Myopia and international educational performance
- Publication Type:
- Journal Article
- Ophthalmic and Physiological Optics, 2013, 33 (3), pp. 329 - 338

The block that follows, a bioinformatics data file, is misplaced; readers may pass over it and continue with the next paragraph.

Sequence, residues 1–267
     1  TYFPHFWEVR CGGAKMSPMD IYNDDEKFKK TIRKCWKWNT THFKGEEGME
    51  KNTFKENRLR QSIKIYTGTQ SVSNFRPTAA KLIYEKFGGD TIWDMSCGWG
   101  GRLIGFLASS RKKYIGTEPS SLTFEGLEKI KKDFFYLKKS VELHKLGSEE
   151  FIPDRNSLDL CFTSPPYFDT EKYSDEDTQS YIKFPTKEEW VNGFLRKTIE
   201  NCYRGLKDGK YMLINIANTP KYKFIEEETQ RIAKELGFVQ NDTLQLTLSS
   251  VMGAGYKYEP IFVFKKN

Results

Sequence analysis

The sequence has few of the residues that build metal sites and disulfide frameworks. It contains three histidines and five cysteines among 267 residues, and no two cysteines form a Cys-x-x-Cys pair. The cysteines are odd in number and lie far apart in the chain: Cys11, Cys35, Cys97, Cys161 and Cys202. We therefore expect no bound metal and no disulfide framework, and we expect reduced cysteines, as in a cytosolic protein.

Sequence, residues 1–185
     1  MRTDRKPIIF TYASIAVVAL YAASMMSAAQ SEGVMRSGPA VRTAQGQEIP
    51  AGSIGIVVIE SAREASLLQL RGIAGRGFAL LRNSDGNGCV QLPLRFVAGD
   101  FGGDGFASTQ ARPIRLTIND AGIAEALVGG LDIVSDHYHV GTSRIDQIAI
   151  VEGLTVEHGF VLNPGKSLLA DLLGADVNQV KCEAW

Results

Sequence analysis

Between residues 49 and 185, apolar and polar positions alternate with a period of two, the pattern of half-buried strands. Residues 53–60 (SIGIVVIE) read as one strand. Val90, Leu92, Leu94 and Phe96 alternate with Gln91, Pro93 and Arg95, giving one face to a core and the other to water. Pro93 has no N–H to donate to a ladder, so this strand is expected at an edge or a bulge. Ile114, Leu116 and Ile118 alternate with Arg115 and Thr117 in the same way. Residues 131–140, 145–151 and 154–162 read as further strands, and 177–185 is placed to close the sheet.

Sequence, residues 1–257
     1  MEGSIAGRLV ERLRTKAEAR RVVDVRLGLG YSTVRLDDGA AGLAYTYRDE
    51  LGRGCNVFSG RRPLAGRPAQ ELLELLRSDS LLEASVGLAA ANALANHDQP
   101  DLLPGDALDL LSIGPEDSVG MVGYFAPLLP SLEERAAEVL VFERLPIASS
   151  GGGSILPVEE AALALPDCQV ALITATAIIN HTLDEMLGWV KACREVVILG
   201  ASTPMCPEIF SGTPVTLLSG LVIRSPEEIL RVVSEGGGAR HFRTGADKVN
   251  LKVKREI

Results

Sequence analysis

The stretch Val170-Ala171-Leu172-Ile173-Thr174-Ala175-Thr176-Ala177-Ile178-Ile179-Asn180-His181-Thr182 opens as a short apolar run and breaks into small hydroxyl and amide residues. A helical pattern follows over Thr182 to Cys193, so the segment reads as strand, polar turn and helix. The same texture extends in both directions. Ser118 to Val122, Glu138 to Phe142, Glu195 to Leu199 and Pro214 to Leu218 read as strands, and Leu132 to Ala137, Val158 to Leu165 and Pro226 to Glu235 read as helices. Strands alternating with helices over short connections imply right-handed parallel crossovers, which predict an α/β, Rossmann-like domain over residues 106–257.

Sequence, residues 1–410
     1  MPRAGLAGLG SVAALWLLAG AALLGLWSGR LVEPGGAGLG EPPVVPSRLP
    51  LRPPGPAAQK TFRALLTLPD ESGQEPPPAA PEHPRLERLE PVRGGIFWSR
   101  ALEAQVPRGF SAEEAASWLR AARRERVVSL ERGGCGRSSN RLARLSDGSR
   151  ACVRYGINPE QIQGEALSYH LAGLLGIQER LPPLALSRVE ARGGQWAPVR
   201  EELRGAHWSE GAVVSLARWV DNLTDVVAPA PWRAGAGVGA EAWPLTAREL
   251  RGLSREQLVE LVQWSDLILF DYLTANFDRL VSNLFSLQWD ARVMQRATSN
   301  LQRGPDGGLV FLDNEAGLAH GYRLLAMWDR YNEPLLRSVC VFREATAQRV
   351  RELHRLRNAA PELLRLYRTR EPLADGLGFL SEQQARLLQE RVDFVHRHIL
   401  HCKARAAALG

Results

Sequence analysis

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Purpose: To analyse the relationship between myopia, educational performance and engagement in after-school tutorial classes. Methods: Educational performance data and data on engagement in after-school tutorial classes were taken from the results of the Organisation for Economic Cooperation and Development (OECD) Program in Secondary Assessment (PISA) reports for 2009, which tested educational outcomes in representative samples of 15 year-old school children from 65 jurisdictions. High prevalence of myopia (>70%) and low prevalence of myopia (<40%) locations were identified by systematic literature search. Results: Six locations with a high prevalence of myopia were identified from among the participants in PISA 2009 - Shanghai-China, Hong Kong-China, Taiwan, Singapore, Japan and South Korea. All were ranked in the top quartile on educational performance. Other participants in the top educational performance quartile were identified as locations with a low prevalence of myopia, including Australia and Finland. The locations with a high prevalence of myopia combined high educational performance and high engagement in after-school tutorials, whereas the locations with a low prevalence of myopia combined high educational performance with little engagement in tutorials. Discussion: These results show that it is possible to achieve high educational outcomes without extensive engagement in after-school tutorials, and that the combination of high educational outcomes with extensive use of tutorials is associated with high prevalence rates of myopia. We suggest that extensive use of after-school tutorials may be a marker of educational environments which impose high educational loads. Further quantification of educational loads to include after- school educational activities, such as homework, tutorials and other after-school classes, as well as formal school classes, is desirable. Policy initiatives to decrease these loads may contribute to the prevention of myopia, perhaps, at least in part, by enabling children to spend more time outdoors. © 2013 The College of Optometrists.
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